Private Equity Risk: What You Don’t Know Can Hurt You

Private Equity Risk: What You Don’t Know Can Hurt You

That stupid saying “What you don’t know can’t hurt you” is ridiculous. What you don’t know can kill you. If you don’t know that tractor trailer trucks hurt when hitting you, then you can play in the middle of the interstate with no fear – but that doesn’t mean you won’t get killed. — Dave Ramsey

According to McKinsey’s 2021 Private Markets Annual Review, private equity has outperformed other asset classes and experienced less volatility than any year since 2008. 

The review suggests that more institutions and wealthy individuals are turning to private equity (PE) to supplement and bolster the returns of their traditional investment portfolios as the markets remain largely unpredictable. 

Increased levels of activity can lead to a host of new challenges and private equity risks, as the appetite for dealmaking forces a sense of urgency – meaning that due diligence can at times be overlooked or under-executed. 


New Challenges for PE Investment Firms

Deloitte predicts that global PE assets will reach $5.8 trillion by 2025, significantly above the $4.5 trillion at the end of 2019. The significant increases in PE funds inevitably create new pressures on those responsible for investing the new capital and greater risk for their investors. Here are some of the reasons why:

Demand for rapid deployment of funds
According to MarketWatch, the top 25 private-equity firms had $509.8 billion in uninvested cash at the end of the 2nd quarter of 2021. Some claim they have more money than potential investments.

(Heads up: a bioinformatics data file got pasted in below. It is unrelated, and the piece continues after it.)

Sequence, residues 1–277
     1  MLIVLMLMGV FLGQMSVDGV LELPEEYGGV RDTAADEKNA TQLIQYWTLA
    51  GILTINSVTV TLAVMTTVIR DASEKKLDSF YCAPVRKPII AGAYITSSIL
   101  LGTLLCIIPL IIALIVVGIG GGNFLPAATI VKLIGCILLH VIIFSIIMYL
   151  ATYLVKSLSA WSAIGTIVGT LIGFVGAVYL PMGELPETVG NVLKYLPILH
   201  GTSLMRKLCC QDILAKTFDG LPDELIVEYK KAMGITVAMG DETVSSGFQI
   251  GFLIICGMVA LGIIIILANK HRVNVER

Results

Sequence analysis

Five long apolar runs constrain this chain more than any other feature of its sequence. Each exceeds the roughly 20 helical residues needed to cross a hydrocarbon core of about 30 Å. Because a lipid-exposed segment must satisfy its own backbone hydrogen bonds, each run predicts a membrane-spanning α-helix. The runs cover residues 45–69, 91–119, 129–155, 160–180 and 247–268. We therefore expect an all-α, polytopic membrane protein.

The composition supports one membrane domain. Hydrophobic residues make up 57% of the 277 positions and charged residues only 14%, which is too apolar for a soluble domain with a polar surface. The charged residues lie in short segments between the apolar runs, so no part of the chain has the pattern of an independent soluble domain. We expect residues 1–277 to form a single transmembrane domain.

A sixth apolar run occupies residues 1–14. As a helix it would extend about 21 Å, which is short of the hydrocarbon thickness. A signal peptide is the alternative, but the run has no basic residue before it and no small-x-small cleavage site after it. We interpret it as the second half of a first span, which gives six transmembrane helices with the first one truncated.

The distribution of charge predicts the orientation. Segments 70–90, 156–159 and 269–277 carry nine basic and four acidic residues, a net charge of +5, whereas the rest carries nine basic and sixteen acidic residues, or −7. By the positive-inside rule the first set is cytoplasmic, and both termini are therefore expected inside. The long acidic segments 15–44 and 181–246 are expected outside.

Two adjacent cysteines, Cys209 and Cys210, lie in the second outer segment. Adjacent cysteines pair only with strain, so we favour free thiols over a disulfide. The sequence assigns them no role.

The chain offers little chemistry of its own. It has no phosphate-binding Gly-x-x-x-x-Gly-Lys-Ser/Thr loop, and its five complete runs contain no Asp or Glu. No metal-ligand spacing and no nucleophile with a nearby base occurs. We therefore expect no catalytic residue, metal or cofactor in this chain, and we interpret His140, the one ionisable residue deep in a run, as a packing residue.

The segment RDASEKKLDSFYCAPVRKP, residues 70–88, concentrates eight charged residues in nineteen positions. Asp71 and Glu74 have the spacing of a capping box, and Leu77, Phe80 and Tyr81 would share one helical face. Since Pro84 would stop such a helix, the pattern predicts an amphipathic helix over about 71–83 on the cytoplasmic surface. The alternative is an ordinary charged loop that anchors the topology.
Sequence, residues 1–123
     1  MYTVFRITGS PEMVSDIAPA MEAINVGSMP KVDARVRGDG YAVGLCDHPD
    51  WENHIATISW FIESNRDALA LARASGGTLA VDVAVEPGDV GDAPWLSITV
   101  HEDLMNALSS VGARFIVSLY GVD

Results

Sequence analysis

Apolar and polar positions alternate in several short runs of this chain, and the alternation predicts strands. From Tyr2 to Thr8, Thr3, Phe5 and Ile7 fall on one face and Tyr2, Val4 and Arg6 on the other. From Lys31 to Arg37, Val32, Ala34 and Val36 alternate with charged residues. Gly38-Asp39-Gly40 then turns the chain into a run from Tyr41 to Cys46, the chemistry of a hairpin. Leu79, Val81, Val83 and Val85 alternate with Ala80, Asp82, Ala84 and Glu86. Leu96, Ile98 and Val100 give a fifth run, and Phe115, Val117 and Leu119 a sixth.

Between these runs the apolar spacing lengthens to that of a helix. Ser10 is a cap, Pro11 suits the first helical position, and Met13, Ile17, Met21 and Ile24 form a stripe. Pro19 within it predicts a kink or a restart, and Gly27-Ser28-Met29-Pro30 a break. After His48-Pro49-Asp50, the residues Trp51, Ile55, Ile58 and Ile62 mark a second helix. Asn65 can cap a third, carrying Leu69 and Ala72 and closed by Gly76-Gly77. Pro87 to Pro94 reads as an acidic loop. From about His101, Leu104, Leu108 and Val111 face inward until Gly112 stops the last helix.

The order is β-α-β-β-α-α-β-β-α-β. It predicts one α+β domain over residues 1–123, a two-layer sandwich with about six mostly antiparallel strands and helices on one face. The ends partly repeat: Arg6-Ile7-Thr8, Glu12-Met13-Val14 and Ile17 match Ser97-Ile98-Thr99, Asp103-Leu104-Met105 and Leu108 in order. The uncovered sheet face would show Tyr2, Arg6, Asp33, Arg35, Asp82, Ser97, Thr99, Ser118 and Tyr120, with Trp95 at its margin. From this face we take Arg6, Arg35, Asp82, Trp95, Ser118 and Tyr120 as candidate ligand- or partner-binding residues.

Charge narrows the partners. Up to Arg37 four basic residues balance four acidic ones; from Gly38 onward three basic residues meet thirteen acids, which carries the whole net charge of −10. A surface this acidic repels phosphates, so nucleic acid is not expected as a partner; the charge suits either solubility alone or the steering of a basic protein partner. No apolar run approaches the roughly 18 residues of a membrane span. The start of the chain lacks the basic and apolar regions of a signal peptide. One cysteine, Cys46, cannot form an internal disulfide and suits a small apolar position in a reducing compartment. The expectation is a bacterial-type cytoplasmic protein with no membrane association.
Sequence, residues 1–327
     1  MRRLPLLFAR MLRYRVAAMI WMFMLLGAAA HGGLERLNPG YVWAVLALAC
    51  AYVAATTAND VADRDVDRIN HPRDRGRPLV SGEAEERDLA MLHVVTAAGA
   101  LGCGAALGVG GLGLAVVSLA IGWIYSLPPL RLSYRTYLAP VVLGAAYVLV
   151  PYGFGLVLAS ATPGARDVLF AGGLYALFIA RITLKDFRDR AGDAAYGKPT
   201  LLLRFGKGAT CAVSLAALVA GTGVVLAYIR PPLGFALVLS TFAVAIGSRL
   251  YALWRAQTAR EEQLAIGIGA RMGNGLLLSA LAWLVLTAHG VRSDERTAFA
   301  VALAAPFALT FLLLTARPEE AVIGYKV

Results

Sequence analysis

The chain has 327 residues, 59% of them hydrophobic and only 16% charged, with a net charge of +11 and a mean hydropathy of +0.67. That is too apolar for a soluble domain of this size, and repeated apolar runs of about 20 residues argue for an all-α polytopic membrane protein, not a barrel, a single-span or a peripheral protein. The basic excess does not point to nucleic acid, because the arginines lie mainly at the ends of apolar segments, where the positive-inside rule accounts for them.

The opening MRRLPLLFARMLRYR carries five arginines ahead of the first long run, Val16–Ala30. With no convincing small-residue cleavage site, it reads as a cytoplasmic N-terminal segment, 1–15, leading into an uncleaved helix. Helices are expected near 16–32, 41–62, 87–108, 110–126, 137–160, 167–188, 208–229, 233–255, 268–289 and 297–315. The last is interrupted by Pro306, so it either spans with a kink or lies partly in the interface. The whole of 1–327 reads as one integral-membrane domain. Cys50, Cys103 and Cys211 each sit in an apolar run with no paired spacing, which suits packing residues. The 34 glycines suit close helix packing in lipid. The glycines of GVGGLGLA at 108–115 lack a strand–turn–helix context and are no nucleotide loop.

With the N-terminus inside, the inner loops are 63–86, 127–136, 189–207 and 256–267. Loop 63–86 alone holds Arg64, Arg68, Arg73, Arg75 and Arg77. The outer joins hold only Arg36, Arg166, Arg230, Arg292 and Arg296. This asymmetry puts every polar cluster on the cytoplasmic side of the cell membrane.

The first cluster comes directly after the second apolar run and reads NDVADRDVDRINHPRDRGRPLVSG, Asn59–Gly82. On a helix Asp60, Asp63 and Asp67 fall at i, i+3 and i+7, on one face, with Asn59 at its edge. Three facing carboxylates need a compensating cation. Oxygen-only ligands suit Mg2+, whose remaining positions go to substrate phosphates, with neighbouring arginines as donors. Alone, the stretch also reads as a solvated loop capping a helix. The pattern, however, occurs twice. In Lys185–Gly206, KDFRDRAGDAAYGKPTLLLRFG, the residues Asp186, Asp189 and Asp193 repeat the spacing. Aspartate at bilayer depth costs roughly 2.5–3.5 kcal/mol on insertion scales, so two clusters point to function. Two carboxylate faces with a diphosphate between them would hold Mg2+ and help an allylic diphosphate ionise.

With “excess” funds and a demand for deals, firms are diversifying into new industries and geographies with limited experience.

Increased competition
The number of private equity firms raising investor funds and seeking investments has increased on average about 7% each year since 2013, with an estimated 9,000 globally in 2021. The number of completed investments has been stable since 2015, while investment totals have increased. 

While demand for high-return investments has grown with the new investment totals, the supply of potential investments capable of delivering such high rates has remained stable. 

The PE firms compete for the desirable opportunities, driving up valuations and increasing risk. Simply stated, too much money is chasing too few deals.

Reduced client management responsibility
The open checkbooks of PE firms encourage excessive risk and over-spending by client companies. Iana Dimitrova, CEO of FinTech start-up OpenPayd, has warned, “Investors are increasingly writing higher and higher checks. Frankly, I see that as detrimental to the long-term sustainability of our industry because businesses are not focused on generating value, they’re focused on burning and deploying cash.”

Increased risk data
For firms willing to embrace enhanced investment due diligence, there is a new level of insight into risk data available. The reputation of a firm and its senior management has never been more critical. Firms don’t want to invest in businesses or individuals with bad reputations or troubled pasts. 

Emphasis on ESG goals
PE firms and their investors are increasingly conscious of a prospective investment’s environmental, social, and governance goals. Elias Koronis, a partner at Hermes GPE, suggests that sustainability is now as big a factor as other risk data; “The big mindset shift is that now ESG risk is as important and as central to a company as any other type of financial risk, such as leverage risk”.

ESG Investing & Due Diligence – Q&A with Brendan Bradley

Limited analytical resources & experience